When told well, stories can engage and inspire young people, helping them to learn and grow.
There are many benefits to using oral storytelling with teens. Stories can:
Help teenagers learn about themselves and the world around them.
Stories can provide teenagers with a safe and engaging space to explore their experiences and emotions. They can also help teenagers to learn about different cultures and perspectives.
Encourage teenagers to be creative and imaginative.
Stories can spark teenagers’ creativity and imagination, helping them think outside the box and develop new ideas.
Build adults to build relationships with teenagers. Stories can build trust and rapport between teenagers and adults when told well. This can be especially important for teenagers who may not feel like they have a voice or may be struggling with difficult issues.
If you are interested in using oral storytelling with teenagers, there are a few things you can do to get started:
Choose stories that are relevant to teenagers’ lives.
Stories relevant to teenagers’ experiences will be more likely to engage them. So, choose stories that deal with topics that teenagers are interested in, such as relationships, identity, or social justice.
Tell stories in a way that is engaging and interactive.
Use your voice, facial expressions, and body language to bring your stories to life. Encourage teenagers to ask questions and share their thoughts and feelings about the stories.
Make storytelling a regular part of your interactions with teenagers.
The more you tell stories, the better you will become at it. And the more you tell stories, the more likely teenagers are to be engaged and inspired by them.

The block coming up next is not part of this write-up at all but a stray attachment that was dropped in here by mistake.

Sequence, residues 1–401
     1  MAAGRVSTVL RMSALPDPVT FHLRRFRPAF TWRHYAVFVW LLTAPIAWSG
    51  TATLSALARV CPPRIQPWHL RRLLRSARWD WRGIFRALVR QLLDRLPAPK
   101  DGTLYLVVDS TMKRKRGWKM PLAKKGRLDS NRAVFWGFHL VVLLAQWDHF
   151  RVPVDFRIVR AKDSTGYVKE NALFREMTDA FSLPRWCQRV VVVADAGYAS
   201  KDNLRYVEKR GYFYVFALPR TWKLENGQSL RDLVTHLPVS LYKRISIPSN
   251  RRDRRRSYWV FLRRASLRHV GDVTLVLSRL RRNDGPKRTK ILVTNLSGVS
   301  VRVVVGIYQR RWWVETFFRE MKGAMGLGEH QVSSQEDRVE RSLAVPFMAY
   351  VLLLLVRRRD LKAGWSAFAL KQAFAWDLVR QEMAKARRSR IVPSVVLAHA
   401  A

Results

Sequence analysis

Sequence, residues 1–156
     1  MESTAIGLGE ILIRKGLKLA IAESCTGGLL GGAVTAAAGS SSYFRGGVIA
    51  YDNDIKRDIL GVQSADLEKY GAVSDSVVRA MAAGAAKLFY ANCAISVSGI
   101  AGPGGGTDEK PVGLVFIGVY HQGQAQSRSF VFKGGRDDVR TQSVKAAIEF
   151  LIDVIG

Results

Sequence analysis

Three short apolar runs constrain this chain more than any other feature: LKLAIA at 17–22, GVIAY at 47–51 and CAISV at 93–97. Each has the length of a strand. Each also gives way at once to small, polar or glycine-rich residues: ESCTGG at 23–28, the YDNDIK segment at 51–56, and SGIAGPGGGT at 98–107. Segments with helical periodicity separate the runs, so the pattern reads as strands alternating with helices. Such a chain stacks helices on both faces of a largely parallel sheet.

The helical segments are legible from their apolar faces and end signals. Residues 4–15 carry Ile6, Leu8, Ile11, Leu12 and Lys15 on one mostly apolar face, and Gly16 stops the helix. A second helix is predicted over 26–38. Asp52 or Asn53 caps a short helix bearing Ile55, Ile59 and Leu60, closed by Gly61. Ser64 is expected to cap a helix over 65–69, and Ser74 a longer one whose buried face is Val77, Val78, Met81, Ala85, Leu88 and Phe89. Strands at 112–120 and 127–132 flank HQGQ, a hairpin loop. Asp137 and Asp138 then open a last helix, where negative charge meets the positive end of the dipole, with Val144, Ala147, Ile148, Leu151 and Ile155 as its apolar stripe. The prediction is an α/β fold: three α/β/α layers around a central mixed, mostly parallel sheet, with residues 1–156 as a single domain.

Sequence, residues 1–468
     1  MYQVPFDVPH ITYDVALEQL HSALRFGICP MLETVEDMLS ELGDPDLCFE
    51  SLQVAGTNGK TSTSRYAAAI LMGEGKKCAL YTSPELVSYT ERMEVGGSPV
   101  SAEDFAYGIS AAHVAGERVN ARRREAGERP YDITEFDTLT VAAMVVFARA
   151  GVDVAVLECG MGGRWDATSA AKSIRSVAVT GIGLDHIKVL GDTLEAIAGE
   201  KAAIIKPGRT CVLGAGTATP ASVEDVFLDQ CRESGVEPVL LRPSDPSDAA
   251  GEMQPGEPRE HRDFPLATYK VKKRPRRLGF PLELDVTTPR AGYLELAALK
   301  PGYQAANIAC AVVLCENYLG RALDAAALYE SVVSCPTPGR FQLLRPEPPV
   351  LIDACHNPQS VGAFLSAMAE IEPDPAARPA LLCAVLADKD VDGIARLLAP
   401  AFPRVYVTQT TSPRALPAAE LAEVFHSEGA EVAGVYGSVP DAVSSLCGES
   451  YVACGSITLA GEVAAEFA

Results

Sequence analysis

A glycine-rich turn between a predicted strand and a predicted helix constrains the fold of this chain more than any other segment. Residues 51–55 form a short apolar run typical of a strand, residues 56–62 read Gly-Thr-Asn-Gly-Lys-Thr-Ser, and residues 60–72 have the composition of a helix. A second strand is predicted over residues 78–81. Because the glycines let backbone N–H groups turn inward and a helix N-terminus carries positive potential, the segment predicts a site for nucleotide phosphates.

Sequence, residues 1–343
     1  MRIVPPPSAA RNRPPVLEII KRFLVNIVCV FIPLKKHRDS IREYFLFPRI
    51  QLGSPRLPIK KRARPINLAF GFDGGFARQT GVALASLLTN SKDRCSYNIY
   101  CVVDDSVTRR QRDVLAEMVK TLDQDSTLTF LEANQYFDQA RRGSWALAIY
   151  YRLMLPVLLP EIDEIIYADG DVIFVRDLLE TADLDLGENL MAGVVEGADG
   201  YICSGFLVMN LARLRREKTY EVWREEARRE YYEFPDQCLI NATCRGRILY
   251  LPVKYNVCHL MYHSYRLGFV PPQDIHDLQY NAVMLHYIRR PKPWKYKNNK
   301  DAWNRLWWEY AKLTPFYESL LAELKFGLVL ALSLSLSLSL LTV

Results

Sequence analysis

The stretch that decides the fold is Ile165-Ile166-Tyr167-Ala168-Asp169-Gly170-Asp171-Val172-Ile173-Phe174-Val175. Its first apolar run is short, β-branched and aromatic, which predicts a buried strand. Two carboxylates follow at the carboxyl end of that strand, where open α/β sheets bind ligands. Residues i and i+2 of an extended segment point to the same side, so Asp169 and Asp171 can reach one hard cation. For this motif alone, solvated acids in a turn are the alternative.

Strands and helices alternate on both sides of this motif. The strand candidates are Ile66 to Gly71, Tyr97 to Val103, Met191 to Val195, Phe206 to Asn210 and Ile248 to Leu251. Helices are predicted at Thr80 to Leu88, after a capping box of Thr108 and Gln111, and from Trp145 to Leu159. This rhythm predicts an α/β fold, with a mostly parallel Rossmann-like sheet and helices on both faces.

Oral storytelling is a powerful tool that can be used to connect with teenagers.
When told well, stories can engage and inspire young people, helping them to learn and grow. Oral storytelling is a great place to start if you want to connect with teenagers.
Here are some additional tips for telling stories to teenagers:
Use humor. Humor can help to make your stories more engaging and memorable.
Be yourself. Teenagers can tell when you are genuine, so let your personality shine through in your storytelling.
Be flexible. Teenagers are not always predictable, so be prepared to go off-script if necessary.
Have fun! The most important thing is to enjoy yourself and let your passion for storytelling show.
For more reading, see the article, “Listening Sideways” by Sean Buvala, posted on Medium.
For a book with stories that can be told with young teens, see Harriet Cole’s book, “Fifteen Pounds of Muscle and Bounce.”
Sean Buvala is the director of storyteller.net. He has worked with storytelling and families since the 1980s. This article first appeared on storyteller.net in April 2023. Photo by Komorebi Photo on Unsplash